I’m Going to Get My Anarchist MBA!

The Gold Rush era of California never really interested me, growing up. I thought they were all foolish, these hordes of men who ran across the continent to chase a rumor.

But I saw a painting today in the Oakland Museum that blew like a gust of wind into me: an oil painting of a miner, lean, spare, in colors as drab and flat as his faded pants and canvas shirt.

The detail of his costume, I’d never really understood how spare it was, how few things: a pack, a rifle, a water bottle, an axe, a shovel, a kerchief, a powder horn. With these few things, hiking through the mountains for weeks at a time – something the hardiest of us doesn’t even attempt. Half-starved. Eyes straining for signs of microscopic flakes of metal in the monstrously huge mountains.

One daguerreotype photo wrote how every miner wanted a picture of his land claim, his shack, whatever he had made it to. The original Alfred Bierstadt painting is there, the one of Yosemite, the glowing one, and every painting like this in the landscape section of the art gallery has a little nagging downer placard next to it saying that the painter exaggerated in their representation of the landscape, or even added waterfalls where there where none.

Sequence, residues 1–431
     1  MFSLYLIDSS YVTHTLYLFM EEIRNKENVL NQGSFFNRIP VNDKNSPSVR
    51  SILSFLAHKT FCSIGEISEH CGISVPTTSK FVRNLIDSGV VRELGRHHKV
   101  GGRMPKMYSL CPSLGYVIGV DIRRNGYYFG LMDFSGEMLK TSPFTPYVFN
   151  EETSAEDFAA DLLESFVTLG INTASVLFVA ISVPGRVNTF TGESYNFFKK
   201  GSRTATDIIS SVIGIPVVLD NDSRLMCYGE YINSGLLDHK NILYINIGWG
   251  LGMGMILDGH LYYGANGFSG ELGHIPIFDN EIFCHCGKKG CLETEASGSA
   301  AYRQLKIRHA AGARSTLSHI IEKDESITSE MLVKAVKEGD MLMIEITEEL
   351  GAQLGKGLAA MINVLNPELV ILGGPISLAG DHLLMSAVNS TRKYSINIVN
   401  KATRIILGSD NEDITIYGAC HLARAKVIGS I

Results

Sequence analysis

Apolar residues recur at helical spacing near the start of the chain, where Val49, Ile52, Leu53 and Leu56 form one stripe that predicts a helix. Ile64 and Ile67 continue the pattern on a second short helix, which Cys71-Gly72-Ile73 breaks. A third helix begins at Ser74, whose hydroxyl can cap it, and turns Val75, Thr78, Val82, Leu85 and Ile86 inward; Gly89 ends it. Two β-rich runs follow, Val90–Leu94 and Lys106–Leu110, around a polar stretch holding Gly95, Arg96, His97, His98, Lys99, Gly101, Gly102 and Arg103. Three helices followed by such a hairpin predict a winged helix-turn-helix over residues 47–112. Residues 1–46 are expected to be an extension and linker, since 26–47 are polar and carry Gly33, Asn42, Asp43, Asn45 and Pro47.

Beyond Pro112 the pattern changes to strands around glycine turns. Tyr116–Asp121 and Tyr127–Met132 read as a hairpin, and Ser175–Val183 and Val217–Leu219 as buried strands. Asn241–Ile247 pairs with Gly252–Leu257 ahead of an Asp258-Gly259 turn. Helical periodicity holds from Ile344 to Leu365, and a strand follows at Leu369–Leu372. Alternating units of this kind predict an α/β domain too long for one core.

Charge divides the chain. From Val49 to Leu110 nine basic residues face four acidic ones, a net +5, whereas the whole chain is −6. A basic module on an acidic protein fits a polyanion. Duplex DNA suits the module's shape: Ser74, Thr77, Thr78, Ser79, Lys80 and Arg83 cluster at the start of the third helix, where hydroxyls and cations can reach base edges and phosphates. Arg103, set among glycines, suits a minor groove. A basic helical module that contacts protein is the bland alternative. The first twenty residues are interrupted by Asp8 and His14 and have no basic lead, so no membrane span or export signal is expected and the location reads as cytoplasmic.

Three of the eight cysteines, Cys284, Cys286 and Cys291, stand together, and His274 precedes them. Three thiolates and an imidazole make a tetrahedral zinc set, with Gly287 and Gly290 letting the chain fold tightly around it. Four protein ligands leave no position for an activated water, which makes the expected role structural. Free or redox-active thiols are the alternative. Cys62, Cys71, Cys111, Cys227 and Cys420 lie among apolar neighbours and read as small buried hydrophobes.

Despite such party poopery, the paintings still glow like fires, drawing us in, capturing the awe more than grating realism ever could.  People always need dreams, utopias, fantasias. We live without them now, and our lives are much diminished. The paintings of San Francisco at the turn of the last century are wobbly, wavy, woozy, barely out of whack.

Read More

Ally Rose, UN Ambassador

Ally Rose, UN Ambassador

Sarah Steerwell Weber, Woman with Leopards

Sarah Steerwell Weber, Woman with Leopards

The Easy Bay

This was the whole reason I moved to the East Bay: to green things. To tumble forward into the reality of Mother Earth, the planet as it really is and was long before us: the forest, the jungle, the trees in their cumulative immensity. There used to be redwoods in the Oakland hills so tall that sailors could navigate by them in the bay. Their former domain matches the trail of the fog, as it cuts across the bay and rolls northeastward in a wave across the hills. 

Read More

The Peacetime War

The only people who believe in peace anymore are grandmothers.

This Tuesday night I walked by a nighttime rally on Market Street, in front of the Montgomery BART stop. There was a huge banner stretched out over the steel grating, made with a string of Christmas lights that spelled out “NO DRONES” in the darkness.

Across the street someone was waving around a giant cardboard model of a drone. The crowd of women had lit votive Spanish candles and scattered around the ground, and most of them had gray hair. I stopped to say hello and thank them, and they asked me to stay, but I said I couldn’t, but I didn’t tell them that I was dissing the anti-drone rally to get to a yoga class, because that would make me a 180 proof California asshole. 

Read More